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Headscratchers: Alien Nation
  • The Five Year Gap between the end of the TV series and the movies. The only possible explanation for the completely inconsistent off-screen aging of George and Susan Francisco's three children is barely reconciled by the Literary Agent Hypothesis: Emily goes from 8 or 9 in the TV series (which lasted one season before being canceled before its time) to 13 in the first movie (her age was explicitly stated in Dark Horizon, and we know that, at least until the end of adolescence and the onset of early adulthood in their mid-twenties (when their aging process apparently slows down), Tenctonese development fits the human pattern (with the exception that Tenctonese toddlers enter some sort of cocoon in which they develop additionally, as Vesna was shown to do before she became Richie Cunningham in the later TV movies, and was supposedly off at Daycare the whole time). Meanwhile, Buck is still in high school in Dark Frontier (he was at least sixteen in the series). And Vesna? Barely seen after Dark Frontier, the first TV movie, but she seems to have been in suspended animation or something for five years because she's still an infant (this was necessary, as with some otherwise minor retconning Dark Frontier is a direct sequel to the canceled series' unresolved cliffhanger.
    • It's simple really, Emily's actress had obviously aged. There was no choice but to SORAS the character. Sean Six could still pass as a teen and babies can easily be swapped out without the audience noticing

  • I have mixed feelings about Dark Horizons. I'm glad they followed the series' premise through to its logical conclusion, but I can't believe human civilization didn't see it coming. Why was the Newcomers' arrival greeted more like a 3rd-world boat-lift arriving in Florida than like Perry sailing into Tokyo Bay? No-one considered that being on the doorstep of a colossal, hyperadvanced, heartless, expansionist interstellar slave empire might prove slightly hazardous for planet-bound and technologically backward mankind? Even worse, Dark Frontier implies that even a brush with total destruction wasn't enough to spur the humans to try to close the technology gap with the Tenctonese. Yes, the soldier played along with George's scam, but no one on Earth knows that he did and they had no reasonable expectation that he would. And even if they had reason to be confident that they had tricked the Tenctonese rulers into staying clear of Earth forever, who's to say some other bunch of galactic thugs won't come calling in a century or two?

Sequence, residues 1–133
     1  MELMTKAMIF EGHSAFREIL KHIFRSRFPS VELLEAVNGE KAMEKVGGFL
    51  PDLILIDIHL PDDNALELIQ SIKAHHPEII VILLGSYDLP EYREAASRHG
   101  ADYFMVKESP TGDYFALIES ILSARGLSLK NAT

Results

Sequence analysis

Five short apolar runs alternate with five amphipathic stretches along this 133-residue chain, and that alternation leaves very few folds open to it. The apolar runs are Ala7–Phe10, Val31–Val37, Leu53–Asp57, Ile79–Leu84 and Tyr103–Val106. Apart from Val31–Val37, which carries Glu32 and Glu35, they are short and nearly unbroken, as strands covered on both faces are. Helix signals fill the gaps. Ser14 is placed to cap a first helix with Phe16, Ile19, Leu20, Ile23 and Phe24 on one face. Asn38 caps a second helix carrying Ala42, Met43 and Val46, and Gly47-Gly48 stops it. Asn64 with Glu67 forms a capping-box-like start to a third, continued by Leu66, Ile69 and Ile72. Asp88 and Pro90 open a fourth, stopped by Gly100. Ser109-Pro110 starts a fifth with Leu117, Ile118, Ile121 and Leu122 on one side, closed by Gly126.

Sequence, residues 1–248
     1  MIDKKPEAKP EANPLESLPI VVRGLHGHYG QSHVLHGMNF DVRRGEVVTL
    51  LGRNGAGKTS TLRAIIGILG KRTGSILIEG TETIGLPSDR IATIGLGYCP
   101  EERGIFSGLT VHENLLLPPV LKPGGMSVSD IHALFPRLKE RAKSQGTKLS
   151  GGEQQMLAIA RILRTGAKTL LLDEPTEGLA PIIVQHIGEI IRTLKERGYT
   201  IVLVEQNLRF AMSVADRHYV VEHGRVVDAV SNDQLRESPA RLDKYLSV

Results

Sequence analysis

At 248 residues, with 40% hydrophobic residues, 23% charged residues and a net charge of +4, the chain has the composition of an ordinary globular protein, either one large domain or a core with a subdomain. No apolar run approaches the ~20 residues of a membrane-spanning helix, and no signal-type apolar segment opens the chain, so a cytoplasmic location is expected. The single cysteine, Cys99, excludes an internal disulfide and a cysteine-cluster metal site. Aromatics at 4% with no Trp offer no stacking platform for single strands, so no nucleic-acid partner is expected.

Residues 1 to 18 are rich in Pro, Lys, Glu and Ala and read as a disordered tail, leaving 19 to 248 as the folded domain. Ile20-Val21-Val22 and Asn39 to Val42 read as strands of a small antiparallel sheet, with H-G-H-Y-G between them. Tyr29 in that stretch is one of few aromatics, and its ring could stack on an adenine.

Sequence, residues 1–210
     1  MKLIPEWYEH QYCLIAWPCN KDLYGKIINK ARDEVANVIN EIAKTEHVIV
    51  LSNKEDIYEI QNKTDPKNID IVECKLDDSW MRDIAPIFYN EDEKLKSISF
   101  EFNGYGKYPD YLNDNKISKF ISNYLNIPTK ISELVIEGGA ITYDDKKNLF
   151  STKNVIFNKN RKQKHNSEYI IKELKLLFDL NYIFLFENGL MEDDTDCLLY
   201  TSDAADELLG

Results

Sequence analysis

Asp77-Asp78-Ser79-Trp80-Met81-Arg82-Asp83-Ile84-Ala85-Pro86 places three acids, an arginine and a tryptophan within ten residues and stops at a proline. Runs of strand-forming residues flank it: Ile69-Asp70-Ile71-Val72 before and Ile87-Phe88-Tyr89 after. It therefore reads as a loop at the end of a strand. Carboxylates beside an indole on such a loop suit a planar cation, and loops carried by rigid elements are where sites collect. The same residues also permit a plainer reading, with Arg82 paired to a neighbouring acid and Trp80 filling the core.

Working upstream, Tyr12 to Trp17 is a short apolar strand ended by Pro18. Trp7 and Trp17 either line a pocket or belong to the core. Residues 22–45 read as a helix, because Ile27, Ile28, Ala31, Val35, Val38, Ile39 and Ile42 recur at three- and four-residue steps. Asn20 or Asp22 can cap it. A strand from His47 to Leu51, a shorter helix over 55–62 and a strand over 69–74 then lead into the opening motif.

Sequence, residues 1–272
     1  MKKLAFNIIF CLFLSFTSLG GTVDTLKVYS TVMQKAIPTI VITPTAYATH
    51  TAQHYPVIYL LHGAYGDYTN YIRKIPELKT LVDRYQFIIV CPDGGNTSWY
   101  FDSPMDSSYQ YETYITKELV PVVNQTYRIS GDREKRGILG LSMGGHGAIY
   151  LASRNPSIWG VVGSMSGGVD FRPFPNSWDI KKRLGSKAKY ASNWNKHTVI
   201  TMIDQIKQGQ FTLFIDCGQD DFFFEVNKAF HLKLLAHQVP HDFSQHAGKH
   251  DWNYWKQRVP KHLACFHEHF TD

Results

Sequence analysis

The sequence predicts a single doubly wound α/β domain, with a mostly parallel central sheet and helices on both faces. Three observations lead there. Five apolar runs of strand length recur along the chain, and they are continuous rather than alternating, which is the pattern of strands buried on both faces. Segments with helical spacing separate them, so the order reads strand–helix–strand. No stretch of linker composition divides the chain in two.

• Easily explained by politics and human nature. No one knows how to defend against an invasion by such a formidable force, it'd be unimaginably expensive if they COULD do it, and it might not happen anyway. On top of that, 99 percent of the world has no contact with Newcomers and so hardly ever thinks about them. World leaders and commonfolk alike ignore the issue and focus on the here-and-now business of life, gambling that it'll be somebody else's problem.
    • I'm imagining the "Office of Alien Contingency Planning" is a nerdy lieutenant in the Pentagon basement who spends half his time trying to justify his job existing at all so he won't be deployed to Afghanistan.
    • The Newcomers claimed their masters were dead when they arrived. As far as anyone knew, no one was coming after them and there probably wasn't anyone to do so. But even if there was going to be someone coming after them... what were they going to do? They couldn't actually send the Newcomers away, their ship was screwed up. The only thing humanity could do was exactly what they did do... be practical about it and start reverse engineering the everliving hell out of the technology.

  • Asymmetry. Admittedly in a complex body where organs have to be packed in tight the arrangement will be somewhat asymmetric, e.g. the human liver is in the right side of the body and the stomach in the left, but why would a race develop so asymmetrically that the crippling nerve point was in only one armpit?
    • There's a lot more asymmetry among some species right here on this planet. Ever see a fiddler crab?
    • Also do you have any idea how insanely improbable your own anatomy is? Your tongue is one of the strongest muscles in your body (if it were the size of an elephant's trunk you could uproot large trees), there's a small organ behind your nose that isn't connected by nerves to anything (it's thought that it used to help us sense pheromones better) and men have a vestigial remnant of the vagina called the prostatic utricle that exists as a useless little pouch that hangs off your prostate, not to mention your liver, which can completely regenerate from only 25% of its mass.

  • How is it that they can eat raw, bloody meat, which contains both salt and water, they can beat a person bloody, without the salt water inthe blood burning their fists, and they can even have sex with humans, which also entails very, very close exposure to salty water-based fluid? Is there another chemical, common in Earth biochemistry, that neutralizes salt water? If so, why on Earth don't they all carry little spray bottles of it?
    • I assume that salinity levels are what matters, just like humans can be exposed to heavily diluted acids without problems but are severely injured by highly concentrated acids. Sea water has much a higher salinity than human body fluids do, a much higher than the human body can stand, in fact, which is why drinking it can be fatal to humans.